Hernandez said as the canvasser was about to leave, she said, “‘Well, you do know that their opponents are Asian, right?’”

“Well, you do know that their opponents are Asian, right?”

The alleged comment was an apparent reference to Kim and to Carrillo’s challenger, Mia Livas Porter, a fellow Democrat who is Filipina American.

Hernandez said she was “pissed” by what she heard so she followed the canvasser out to the street and shouted in Spanish: “Why did you feel the need to say that?”

She said the woman replied, “‘Well, I'm just sharing information.’ And I said, 'Well, you know, that's not what you should be talking about, considering all the racism that's coming out of the city council right now.'”

Gomez and Carrillo both reached out to Hernandez after her tweet and had separate phone conversations with her, the councilmember-elect said.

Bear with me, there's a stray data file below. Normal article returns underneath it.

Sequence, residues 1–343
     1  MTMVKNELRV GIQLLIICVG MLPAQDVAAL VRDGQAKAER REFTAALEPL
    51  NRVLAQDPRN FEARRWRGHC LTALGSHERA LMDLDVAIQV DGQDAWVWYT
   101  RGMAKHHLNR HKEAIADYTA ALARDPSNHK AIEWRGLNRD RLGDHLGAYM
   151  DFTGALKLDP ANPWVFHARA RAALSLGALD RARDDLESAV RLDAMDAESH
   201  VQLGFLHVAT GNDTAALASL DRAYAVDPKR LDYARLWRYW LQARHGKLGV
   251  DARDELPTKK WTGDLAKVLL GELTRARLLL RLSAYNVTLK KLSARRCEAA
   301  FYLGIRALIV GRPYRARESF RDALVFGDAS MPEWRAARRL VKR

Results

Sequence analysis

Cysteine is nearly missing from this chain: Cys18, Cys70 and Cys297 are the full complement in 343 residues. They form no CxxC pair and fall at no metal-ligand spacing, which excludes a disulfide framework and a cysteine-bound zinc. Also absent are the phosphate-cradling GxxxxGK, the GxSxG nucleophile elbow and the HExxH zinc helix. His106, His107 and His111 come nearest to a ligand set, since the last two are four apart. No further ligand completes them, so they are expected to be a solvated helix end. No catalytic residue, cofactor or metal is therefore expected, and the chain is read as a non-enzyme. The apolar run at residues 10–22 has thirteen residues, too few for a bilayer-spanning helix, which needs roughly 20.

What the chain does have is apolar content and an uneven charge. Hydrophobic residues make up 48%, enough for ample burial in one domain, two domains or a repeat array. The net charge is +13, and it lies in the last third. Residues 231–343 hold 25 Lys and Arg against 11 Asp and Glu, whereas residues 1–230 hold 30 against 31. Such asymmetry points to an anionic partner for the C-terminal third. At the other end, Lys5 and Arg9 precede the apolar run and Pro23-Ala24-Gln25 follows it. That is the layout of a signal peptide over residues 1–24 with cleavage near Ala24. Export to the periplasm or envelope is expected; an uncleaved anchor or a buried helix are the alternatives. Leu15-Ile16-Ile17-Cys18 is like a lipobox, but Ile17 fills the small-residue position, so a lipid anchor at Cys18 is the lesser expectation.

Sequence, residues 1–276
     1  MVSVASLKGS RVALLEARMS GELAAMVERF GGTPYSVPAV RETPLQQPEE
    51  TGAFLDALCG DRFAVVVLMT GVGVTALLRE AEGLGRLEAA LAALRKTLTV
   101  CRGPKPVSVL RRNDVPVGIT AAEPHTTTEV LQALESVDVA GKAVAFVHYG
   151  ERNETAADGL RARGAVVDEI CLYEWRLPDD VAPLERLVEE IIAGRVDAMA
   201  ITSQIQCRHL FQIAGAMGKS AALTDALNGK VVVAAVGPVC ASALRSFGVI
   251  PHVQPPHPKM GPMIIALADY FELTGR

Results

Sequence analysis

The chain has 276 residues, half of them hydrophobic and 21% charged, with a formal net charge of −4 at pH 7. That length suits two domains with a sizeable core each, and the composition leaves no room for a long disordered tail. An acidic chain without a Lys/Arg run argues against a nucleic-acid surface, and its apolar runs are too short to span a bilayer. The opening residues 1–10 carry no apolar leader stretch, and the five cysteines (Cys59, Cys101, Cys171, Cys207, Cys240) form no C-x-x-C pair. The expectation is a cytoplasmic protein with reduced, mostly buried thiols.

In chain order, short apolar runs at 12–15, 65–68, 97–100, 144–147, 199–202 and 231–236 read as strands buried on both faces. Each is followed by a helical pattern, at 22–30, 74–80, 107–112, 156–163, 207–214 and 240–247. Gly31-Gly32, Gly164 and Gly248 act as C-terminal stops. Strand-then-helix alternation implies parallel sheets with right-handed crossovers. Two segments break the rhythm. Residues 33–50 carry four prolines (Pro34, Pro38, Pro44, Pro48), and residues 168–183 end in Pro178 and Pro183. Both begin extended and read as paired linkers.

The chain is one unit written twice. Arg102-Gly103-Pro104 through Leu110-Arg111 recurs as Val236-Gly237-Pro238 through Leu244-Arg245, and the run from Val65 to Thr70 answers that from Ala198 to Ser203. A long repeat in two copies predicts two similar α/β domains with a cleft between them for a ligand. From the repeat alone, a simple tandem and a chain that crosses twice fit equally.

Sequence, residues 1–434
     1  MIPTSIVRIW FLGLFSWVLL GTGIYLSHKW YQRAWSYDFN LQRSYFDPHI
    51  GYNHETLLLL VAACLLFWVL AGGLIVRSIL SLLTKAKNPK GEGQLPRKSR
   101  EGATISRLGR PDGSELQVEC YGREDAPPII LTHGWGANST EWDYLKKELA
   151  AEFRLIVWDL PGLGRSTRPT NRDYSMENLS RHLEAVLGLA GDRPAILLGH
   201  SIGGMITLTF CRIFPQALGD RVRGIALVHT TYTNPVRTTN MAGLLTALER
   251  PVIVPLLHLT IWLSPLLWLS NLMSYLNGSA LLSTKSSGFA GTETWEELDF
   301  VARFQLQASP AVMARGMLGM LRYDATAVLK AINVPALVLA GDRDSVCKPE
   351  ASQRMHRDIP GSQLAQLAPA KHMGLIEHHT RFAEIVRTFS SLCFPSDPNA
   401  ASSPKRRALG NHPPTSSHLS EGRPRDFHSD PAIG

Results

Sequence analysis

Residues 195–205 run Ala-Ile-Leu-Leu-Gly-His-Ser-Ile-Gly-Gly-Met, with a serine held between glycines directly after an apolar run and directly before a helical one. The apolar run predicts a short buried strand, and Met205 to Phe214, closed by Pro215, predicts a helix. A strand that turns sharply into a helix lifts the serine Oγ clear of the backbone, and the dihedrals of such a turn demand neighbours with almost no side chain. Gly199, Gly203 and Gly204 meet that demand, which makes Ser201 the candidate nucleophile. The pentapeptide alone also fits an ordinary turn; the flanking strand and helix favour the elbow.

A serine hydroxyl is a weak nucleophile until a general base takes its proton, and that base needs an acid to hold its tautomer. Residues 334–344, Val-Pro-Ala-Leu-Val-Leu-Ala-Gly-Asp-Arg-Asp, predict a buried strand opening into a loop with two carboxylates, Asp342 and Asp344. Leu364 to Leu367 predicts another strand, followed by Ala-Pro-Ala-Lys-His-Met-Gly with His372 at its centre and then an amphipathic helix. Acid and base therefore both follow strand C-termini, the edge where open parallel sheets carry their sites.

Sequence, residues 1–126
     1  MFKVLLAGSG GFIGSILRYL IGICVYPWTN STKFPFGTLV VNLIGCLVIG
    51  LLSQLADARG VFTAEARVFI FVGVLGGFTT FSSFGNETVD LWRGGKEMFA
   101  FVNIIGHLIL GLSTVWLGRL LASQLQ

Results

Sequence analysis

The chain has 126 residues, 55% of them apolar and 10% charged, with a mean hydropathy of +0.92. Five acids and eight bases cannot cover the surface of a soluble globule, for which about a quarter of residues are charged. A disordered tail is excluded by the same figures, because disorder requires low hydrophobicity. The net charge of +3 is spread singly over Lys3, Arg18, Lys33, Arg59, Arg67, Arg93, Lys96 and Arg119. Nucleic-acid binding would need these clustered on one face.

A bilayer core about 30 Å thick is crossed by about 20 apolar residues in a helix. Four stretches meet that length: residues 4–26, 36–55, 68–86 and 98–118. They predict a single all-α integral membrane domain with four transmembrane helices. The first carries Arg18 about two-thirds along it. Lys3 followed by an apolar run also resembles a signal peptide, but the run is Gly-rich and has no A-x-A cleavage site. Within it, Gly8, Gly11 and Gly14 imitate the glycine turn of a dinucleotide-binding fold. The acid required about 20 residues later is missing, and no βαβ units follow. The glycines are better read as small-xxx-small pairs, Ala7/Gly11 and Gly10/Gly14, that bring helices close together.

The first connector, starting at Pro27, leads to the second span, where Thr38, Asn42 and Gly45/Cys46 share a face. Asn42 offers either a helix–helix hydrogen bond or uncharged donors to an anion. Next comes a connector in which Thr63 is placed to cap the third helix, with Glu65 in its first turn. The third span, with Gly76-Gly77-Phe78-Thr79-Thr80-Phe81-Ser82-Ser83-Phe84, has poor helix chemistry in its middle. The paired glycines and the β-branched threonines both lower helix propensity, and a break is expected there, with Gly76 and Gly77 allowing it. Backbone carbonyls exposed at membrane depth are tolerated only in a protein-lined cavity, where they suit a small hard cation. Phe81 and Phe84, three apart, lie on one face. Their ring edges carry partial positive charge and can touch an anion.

A Second Allegation About A Carrillo/Gomez Canvasser

Another Highland Park voter, Robert Quan, told LAist he was approached at his home in late October by two female canvassers campaigning for Gomez and Carrillo.

Quan, who runs a City Hall watchdog account on Twitter under the handle UnrigLA, said one of the canvassers said to him: “‘We need to elect Latinos to represent Latinos.’”

Quan is Asian American but said he is often mistaken for Latino.

Asked about Quan’s account of the exchange, the Gomez campaign said it had not previously heard of it and referred us to its statement addressing the claim made by Hernandez.

In a statement, Carrillo said: “I’ve been steadfast in my opposition to anti-Asian hate, and hate directed towards ANY community. My campaign has not conducted itself in any way that can be fairly described as discriminatory.”